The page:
Coming up with a definition that seeks to aid capital-intensive businesses could be additionally complicated because there are some service partnerships, such as medical firms, that do invest heavily in equipment.
“I agree with the concept that service pass-through businesses generally employ less capital than manufacturing and retail and that a distinction based on that may make sense,” Griffith said. “However, I would note that law firms, accounting firms and medical practices do hire non-partners, make capital commitments, including leasing office space, and are making significant capital expenditures on computers, software, other equipment and other resources.”
Lawmakers working on the tax bill are conflicted about excluding service partners from a lower rate. House Ways and Means Committee member Tom Rice (R-S.C.), who has worked as an accountant and tax lawyer, said there shouldn’t be carve-outs for any particular industry or type of partnership.
“Those are all conversations that are going on, but remember one of the fundamental goals is simplicity,” said Rep. Tom Reed (R-N.Y.), also on Ways and Means. “As soon as you start carving off industries over other industries and picking that complexity in the code, you’re giving up one of the goals.”
However, exclusion of accountants, architects, and lawyers from the special rate is still under consideration because it would give lawmakers more room to cut tax rates, Reed said.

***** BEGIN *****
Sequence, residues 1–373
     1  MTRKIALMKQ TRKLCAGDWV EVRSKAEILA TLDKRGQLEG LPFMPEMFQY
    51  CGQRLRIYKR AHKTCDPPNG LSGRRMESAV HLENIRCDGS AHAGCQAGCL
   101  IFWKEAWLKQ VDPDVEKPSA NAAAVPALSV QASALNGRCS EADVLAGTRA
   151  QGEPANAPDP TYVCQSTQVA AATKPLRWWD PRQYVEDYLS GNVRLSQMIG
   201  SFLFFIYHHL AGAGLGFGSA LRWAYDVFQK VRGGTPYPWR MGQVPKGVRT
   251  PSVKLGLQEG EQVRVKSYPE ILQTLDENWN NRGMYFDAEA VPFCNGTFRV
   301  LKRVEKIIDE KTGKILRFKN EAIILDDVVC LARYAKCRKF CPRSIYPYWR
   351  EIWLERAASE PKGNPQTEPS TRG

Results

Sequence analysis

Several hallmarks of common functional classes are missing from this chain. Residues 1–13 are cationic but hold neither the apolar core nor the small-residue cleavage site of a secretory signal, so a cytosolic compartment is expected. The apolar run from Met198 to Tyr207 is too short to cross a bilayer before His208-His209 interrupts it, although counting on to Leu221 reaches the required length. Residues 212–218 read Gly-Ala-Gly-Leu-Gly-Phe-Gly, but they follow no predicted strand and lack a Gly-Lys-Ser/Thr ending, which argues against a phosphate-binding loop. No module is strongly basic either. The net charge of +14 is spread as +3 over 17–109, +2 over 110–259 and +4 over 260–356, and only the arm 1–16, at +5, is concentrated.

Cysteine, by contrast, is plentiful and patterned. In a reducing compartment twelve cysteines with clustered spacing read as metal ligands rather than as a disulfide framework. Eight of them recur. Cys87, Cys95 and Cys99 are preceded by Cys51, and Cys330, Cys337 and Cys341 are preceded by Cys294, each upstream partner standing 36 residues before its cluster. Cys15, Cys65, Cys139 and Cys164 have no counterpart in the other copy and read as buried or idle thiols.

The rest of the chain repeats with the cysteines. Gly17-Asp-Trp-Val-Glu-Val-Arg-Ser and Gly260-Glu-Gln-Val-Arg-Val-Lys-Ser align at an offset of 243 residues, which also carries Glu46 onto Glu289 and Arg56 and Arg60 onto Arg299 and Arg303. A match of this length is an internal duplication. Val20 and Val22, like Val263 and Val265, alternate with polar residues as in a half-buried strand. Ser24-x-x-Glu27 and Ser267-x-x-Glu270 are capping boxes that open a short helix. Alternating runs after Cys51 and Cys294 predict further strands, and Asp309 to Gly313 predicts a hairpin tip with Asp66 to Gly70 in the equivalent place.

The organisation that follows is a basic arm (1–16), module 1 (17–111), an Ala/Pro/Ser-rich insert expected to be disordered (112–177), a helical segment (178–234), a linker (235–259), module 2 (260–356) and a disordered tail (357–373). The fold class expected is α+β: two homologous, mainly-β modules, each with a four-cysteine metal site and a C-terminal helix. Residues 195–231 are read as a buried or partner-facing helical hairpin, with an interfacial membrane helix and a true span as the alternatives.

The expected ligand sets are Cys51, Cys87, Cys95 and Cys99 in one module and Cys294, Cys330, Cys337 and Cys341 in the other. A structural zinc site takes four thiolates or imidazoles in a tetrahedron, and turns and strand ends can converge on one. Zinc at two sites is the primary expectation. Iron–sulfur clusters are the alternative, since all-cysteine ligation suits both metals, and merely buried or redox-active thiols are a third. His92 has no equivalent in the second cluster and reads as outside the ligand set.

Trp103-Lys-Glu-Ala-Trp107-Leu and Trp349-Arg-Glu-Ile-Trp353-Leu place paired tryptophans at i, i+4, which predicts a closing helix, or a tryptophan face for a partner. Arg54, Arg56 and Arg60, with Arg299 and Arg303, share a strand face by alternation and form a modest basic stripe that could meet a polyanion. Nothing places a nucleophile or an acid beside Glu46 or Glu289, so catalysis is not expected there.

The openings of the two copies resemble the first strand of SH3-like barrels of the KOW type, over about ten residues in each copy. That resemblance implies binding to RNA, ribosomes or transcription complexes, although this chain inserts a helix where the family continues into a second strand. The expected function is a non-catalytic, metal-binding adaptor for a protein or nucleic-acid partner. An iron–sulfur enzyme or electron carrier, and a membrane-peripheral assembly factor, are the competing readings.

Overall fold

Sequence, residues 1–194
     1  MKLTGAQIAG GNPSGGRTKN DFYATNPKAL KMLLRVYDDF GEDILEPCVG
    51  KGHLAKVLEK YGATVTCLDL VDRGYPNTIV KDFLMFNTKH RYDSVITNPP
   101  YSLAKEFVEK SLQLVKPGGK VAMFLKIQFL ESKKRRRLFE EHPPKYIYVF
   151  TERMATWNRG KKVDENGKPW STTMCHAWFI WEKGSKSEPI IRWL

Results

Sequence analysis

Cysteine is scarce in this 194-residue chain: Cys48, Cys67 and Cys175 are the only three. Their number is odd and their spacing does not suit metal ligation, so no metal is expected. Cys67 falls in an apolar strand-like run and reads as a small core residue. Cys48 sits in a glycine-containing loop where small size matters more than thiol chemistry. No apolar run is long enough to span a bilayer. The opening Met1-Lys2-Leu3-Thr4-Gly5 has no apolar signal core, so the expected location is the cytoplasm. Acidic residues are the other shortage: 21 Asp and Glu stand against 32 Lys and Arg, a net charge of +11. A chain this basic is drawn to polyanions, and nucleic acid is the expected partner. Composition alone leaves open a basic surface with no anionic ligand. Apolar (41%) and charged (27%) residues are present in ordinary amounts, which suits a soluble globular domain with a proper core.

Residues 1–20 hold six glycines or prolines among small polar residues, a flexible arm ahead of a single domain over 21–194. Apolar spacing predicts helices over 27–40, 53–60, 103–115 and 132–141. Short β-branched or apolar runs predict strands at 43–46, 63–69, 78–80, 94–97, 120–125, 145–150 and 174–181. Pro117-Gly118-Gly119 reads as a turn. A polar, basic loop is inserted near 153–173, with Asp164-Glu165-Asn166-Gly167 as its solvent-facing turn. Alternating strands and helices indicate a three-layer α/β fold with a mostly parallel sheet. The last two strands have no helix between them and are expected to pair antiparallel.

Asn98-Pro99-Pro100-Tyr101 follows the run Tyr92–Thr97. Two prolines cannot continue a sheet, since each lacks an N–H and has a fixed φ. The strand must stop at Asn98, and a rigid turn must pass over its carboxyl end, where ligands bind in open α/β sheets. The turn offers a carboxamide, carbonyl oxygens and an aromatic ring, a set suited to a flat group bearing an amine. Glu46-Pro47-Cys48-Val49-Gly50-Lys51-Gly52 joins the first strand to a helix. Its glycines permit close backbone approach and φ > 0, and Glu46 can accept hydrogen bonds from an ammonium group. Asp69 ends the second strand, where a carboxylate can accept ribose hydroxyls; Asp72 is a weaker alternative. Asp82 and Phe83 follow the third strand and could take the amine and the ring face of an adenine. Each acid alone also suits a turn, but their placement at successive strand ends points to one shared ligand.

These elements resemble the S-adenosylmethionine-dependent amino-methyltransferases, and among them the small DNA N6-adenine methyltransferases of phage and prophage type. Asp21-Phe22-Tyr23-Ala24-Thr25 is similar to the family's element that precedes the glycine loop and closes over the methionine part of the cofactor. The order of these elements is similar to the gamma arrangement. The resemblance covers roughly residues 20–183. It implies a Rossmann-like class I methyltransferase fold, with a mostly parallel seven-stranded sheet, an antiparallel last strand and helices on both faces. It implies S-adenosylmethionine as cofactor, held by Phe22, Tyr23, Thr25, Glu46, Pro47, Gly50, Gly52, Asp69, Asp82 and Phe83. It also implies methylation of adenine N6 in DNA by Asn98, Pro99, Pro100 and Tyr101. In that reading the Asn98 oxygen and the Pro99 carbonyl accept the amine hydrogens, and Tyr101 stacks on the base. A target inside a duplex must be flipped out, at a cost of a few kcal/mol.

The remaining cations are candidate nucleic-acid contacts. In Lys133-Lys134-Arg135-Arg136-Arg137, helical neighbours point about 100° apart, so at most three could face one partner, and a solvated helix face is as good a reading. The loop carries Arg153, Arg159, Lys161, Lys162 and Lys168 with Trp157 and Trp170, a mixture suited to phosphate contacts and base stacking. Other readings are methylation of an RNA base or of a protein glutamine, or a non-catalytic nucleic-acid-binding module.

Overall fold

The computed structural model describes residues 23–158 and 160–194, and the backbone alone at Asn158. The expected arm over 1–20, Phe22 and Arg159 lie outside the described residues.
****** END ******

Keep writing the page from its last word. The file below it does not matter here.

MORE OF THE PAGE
The debate over how to classify income for tax purposes isn’t a new one. Similar questions have come up with carried interest and determining which payments for service are eligible for capital gains rates, Noel Brock, assistant professor of accounting at Eastern Michigan University, said.
The special partnership rate would likely need to be determined on a partner-by-partner basis, rather than at the entity level, Brock said. Some partnerships, such as private equity firms, have partners who are running the business and some who just put up capital, he said.
“Adding a lower rate for business income, however defined, introduces a third category of income into the mix, in addition to ordinary and capital gains,” Brock said. “You now have to determine which rate folks are subject to. Within one partnership you could have all three rates floating around.”
This added complexity would be likely to create an “administrative nightmare,” Shechtman said. It would probably take hundreds of pages of regulations to determine who is and who isn’t a service partnership, he said.
“You will stop most of the gaming if you exempt service businesses,” Schwidetzky said. “Another way to get rid of that problem is to not have a special rate.”
With assistance from Colleen Murphy in Washington.
To contact the reporter on this story: Laura Davison in Washington at lDavison@bna.com
To contact the editor responsible for this story: Meg Shreve at firstname.lastname@example.org
Copyright © 2017 The Bureau of National Affairs, Inc. All Rights Reserved.